Log:Waking Up Alone
He rolled over and went to drape his arm around his wife only to find she wasn't there. Over the past year, he had grown accustomed to her warmth beside him. Maybe the baby woke up fussing, and she'd gone to tend to her. His beloved Fleur. His little Llesenia, who looked just like her mother. He smiled against his pillow and settled in to doze a little longer. He had been clean of the laudanum for nearly a year now, and sometimes it felt nice just to lie in bed without shaking, even if the need still nagged at him. On this particular morning, it left him alone, and all was warmth and contentment.
Except he couldn't smell her. That was the first hint that something was wrong. There was no lingering trace of her perfume on their sheets. He opened his eyes. This wasn't their room. Instead of glass French doors opening onto a balcony, there were four windowless walls, with draped fabrics dyed wild colors in chaotic patterns. An ornate hookah sat on a low table surrounded by cushions. Perfumed smoke lay in hazy planes upon the air, wafting from a brass brazier. Amidst a mishmash of Tibetan prayer flags and posters depicting the I Ching were tarot cards and small pagan idols carved from semi-precious stones among an ashtray and a pack of cigarettes. These were the trappings of someone seeking the divine through mortal vices, willing to try anything to attain whatever heights they might.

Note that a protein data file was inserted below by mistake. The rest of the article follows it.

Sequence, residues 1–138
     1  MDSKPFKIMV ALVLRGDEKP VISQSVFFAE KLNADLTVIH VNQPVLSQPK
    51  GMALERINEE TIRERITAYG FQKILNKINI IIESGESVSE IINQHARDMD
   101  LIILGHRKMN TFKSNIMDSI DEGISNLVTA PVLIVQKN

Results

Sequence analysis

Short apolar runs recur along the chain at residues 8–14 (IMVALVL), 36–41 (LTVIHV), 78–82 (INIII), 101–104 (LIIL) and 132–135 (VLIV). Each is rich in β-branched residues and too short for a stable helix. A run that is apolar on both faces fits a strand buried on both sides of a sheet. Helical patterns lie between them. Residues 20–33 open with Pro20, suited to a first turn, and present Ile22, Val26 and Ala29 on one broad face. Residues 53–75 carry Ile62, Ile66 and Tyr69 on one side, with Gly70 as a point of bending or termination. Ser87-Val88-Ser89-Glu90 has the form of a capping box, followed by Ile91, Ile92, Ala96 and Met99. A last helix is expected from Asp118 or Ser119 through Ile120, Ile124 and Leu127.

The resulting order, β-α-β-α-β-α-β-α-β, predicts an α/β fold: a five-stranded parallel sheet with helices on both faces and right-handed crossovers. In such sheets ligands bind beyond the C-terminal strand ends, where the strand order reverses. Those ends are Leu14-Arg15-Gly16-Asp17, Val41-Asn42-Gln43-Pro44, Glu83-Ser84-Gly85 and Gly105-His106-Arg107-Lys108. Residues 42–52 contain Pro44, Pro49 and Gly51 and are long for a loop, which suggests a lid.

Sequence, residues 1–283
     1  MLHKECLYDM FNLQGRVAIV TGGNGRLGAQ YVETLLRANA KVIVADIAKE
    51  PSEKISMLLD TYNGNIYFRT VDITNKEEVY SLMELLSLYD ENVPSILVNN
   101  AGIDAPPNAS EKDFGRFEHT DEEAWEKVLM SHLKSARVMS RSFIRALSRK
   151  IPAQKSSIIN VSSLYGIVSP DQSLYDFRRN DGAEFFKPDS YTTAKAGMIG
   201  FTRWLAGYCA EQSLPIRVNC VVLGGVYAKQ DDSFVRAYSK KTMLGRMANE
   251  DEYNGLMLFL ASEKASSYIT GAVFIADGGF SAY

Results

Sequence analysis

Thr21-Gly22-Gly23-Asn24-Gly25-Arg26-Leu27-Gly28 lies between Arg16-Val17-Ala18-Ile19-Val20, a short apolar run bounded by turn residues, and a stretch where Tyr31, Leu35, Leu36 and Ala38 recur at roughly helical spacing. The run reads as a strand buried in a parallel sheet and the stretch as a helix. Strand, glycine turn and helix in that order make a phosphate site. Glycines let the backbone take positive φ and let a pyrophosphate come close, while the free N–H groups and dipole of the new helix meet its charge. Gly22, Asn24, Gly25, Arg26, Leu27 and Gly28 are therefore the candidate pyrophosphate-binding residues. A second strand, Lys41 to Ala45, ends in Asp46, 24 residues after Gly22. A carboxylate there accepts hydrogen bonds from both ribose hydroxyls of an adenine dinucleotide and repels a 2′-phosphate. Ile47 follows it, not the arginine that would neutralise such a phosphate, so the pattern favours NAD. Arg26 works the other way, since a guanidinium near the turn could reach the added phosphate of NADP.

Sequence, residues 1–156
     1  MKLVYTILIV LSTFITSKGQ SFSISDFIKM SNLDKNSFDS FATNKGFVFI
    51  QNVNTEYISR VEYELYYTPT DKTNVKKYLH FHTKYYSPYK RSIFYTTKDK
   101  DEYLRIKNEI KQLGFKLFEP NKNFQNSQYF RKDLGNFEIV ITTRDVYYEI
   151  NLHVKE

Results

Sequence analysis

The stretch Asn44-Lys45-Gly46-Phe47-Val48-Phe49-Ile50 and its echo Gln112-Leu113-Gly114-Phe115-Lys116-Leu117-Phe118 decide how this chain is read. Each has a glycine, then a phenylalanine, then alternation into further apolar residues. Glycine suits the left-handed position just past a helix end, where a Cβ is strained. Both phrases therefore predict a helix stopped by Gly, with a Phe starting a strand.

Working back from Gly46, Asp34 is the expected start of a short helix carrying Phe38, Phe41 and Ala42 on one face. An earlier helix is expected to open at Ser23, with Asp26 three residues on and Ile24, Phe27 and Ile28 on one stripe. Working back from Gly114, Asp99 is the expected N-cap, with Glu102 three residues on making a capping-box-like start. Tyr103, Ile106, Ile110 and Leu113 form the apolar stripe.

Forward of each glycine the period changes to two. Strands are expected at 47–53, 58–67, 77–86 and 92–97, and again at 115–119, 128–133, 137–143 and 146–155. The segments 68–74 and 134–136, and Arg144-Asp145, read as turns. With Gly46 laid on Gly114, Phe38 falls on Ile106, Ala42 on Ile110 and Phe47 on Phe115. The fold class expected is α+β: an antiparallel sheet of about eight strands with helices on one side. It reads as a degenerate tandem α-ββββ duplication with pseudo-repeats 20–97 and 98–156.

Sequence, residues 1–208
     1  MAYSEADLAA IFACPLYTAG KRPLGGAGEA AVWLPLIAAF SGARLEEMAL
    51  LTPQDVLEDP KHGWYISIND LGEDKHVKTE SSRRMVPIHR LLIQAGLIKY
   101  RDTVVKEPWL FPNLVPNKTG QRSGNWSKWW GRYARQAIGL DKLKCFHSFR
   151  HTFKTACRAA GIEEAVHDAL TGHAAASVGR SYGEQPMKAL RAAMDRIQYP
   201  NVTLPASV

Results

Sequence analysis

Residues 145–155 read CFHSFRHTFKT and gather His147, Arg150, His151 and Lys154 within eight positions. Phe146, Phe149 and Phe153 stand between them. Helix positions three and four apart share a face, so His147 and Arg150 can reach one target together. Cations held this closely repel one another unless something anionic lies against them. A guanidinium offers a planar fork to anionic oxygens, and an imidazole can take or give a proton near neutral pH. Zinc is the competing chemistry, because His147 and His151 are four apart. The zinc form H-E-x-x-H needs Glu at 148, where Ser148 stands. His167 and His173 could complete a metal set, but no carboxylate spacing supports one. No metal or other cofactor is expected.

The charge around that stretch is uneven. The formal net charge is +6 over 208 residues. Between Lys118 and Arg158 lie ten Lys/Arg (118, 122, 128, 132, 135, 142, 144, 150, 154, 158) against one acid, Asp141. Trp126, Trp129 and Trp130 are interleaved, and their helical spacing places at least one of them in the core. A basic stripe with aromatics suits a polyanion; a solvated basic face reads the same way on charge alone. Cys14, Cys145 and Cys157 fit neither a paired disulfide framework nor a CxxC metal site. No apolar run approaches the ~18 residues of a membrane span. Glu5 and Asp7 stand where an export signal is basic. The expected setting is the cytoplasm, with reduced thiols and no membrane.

He sat up slowly, loath to touch anything. He had a wife, whose face he could remember in Prosperity during those dark days, but her visage in the backdrop of New Orleans was already starting to fade from his mind. His little Senni, so perfect and, faded into a vague yet emotionless knowledge that he was a father.
Arthur he remembered, though. He was in Philadelphia or New York, somewhere in the North performing. Martin has received a letter from him just the other day, but he couldn't remember what it said. The clearest memory he had of his lover was watching him pack for New Orleans. Only he kept interrupting the effort for some quality sinning.
He rubbed his eyes, then stared at his hands. His ruined left-hand was whole, its fingers spread. He wiggled them, and they cooperated.
He jumped out of bed and went to the closet. Inside was a row of silks and satin, women's clothes intermingled with men's and some things that defied gendering. Whoever lived here, they liked soft fabrics in a riot of color. The most conservative thing he could find was a white and red kimono-style robe. He put it on. It would have to do. He had to find his wife and his lover, his child, his cousin, and Miss Angeline. She would know what was going on, and she would explain to him why he woke up alone, naked, in the dwelling of some perverted hedonist.
He had to admit, though, the robe felt rather luxurious, and it fit like it was made for him.